Posted on by DUI Attorney


by Phillip B. Price, Sr. 

Alabama’s new DUI ignition interlock law went into effect at the beginning of September.  However, the regulatory scheme and infrastructure needed for the law to be fully operational and adequately administered is far from complete.  While the Alabama Department of Forensic Sciences recently put forth its regulations related to the new law, the Alabama Department of Public Safety appears less prepared.  At present there are only a half dozen interlock installation facilities in Alabama and none north of Birmingham, leaving the state woefully underserved.  Currently, only three ignition interlock devices by only two manufacturers have been approved.

Under the Alabama interlock law all second and subsequent DUI offenders (within a five year window) will be required to have ignition interlocks installed on their vehicles.  Even some first offenders are subject to interlock (those who blow .15 or higher, refuse a chemical test, have a minor under 14 years old with them, or injure another person).  The minimum period of interlock installation is two years, for qualifying first offenders and all second offenders.  Third offenders are subject to a minimum three year interlock period.  Fourth and subsequent offenders are subject to a minimum five year interlock period.  There is also a provision in the law which state that requires the minimum ignition interlock time is doubled if the offender’s BAC was .15 or higher.  The interlock period will not begin to run until after the person convicted has completed any license suspension or revocation period imposed as part of their sentence.

All persons subject to ignition interlock must obtain a “scarlet letter” driver license from the Alabama Department of Public Safety (DPS) for which DPS may charge a $150.00 fee.  Before the person may obtain such a license, he or she must present proof of interlock installation to the Department of Public Safety.  This means that the convicted person will have to arrange to have his vehicle driven or towed by another person to the interlock installer’s place of business, which may be several counties away.

Alabama’s ignition interlock law requires that interlock devices be calibrated so that the motor vehicle will not start if the blood alcohol level of the operator reaches a BAC level of .02.  The person must also have the interlock device serviced at an approved service center every 30 days.  The service center will download and store the data collected by the ignition interlock device and must report any violations to “the appropriate authorities.”  It is not entirely clear who the appropriate authorities are.  Reportable violations include: four or more blows at .02 or more within the 30 day reporting period; tampering, circumventing or bypassing the device or attempting to do so; and failure to comply with the 30 day servicing requirement.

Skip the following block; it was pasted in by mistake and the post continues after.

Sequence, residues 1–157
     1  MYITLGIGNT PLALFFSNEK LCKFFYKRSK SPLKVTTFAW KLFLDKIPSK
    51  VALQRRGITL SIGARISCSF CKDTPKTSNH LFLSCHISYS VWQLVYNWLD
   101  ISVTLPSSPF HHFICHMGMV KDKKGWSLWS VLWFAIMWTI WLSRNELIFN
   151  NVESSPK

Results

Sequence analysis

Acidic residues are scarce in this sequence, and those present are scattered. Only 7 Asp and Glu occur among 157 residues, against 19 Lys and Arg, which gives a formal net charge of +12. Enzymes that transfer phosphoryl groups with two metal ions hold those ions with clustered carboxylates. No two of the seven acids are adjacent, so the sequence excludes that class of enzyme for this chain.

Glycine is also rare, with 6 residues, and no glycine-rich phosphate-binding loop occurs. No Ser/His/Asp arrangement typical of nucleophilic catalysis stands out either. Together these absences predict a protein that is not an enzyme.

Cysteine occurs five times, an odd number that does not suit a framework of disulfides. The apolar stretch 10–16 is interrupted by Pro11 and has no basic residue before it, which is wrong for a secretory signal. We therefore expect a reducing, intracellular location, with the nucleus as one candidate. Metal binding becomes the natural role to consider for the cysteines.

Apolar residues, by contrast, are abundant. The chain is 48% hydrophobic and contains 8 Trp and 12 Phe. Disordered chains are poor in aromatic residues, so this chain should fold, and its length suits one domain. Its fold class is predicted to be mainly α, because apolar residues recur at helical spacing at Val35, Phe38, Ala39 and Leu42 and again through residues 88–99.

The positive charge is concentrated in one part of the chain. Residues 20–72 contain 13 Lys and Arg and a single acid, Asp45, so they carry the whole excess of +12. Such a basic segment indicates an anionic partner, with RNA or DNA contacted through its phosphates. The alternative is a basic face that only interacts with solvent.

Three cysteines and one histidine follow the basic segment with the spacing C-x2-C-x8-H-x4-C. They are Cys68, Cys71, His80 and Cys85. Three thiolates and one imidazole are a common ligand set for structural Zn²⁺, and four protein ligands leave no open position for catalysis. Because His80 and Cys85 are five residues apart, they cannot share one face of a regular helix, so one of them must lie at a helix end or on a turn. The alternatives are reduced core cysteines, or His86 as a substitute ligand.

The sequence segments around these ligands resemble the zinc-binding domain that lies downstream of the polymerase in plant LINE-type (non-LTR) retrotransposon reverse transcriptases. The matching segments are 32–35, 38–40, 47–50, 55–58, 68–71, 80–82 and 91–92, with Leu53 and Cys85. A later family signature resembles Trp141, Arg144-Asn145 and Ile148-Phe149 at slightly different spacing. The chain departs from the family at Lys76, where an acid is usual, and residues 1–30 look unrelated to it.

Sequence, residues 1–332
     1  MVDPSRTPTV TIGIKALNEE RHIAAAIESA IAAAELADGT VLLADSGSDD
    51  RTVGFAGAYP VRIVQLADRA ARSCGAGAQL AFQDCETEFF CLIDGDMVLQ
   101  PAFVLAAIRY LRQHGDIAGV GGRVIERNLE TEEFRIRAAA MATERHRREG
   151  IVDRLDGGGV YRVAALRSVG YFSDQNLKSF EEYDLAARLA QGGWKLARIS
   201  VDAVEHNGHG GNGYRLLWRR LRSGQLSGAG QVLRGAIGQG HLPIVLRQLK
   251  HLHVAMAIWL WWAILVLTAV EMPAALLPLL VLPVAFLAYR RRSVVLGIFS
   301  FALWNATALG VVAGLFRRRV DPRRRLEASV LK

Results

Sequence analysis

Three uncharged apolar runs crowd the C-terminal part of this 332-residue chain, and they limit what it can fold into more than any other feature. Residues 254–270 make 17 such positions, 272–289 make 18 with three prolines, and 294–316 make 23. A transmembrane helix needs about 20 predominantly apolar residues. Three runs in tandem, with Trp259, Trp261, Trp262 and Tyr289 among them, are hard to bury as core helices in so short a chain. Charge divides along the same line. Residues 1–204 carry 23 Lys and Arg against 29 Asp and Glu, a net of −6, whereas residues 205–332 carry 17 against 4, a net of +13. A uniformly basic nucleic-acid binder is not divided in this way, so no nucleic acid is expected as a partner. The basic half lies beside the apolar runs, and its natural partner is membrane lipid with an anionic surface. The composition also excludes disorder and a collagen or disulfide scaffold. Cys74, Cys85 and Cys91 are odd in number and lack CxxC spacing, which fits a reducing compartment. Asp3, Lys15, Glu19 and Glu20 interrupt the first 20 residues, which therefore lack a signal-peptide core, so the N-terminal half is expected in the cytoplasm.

During each service visit the service technician is required to verify the calibration of the device by using a known reference sample.  DFS’s rules expressly require that the device be verified at .02 grams of ethanol per 210L.  A device is deemed to have passed the calibration check if the results displayed by the device are within +/- .01 g/210L of the .02 reference sample.  DFS’s rules also mandate that a dry gas reference be used rather than a wet bath reference.

Under the interlock law, DFS was not funded for overseeing the interlock program.  Therefore, it is not going to run it. However, DFS is charged with making the rules which govern the installation of ignition interlocks in Alabama.  It will be private businesses that actually install, calibrate, check calibration, monitor and provide other service to the ignition interlock devices.  DFS is also charged with maintaining a list of approved ignition interlock devices.  The current version of those rules and the approved list of devices can be found on DFS’s website.

There are only three devices currently on the approved list:

It appears the reason there are only three devices on the approved list is because the requirement that dry gas be used to check calibration, as wet bath calibration checks are more common in the industry.   I have heard there are no other devices that have been submitted to DFS for review at the present time.

Currently, there are only a handful of interlock installation facilities in Alabama.  Smart Start currently only has six locations in Alabama, Birmingham, Dothan, Montgomery, Odenville, Sylacauga, and Tuscaloosa.  However, I have heard a few more Smart Start locations will be open before too long.  Draeger has yet to open any locations in Alabama, but I hear it soon will.

The implementation of Alabama’s ignition interlock law is still in its infancy, and much remains to be seen regarding its “roll out” and enforcement.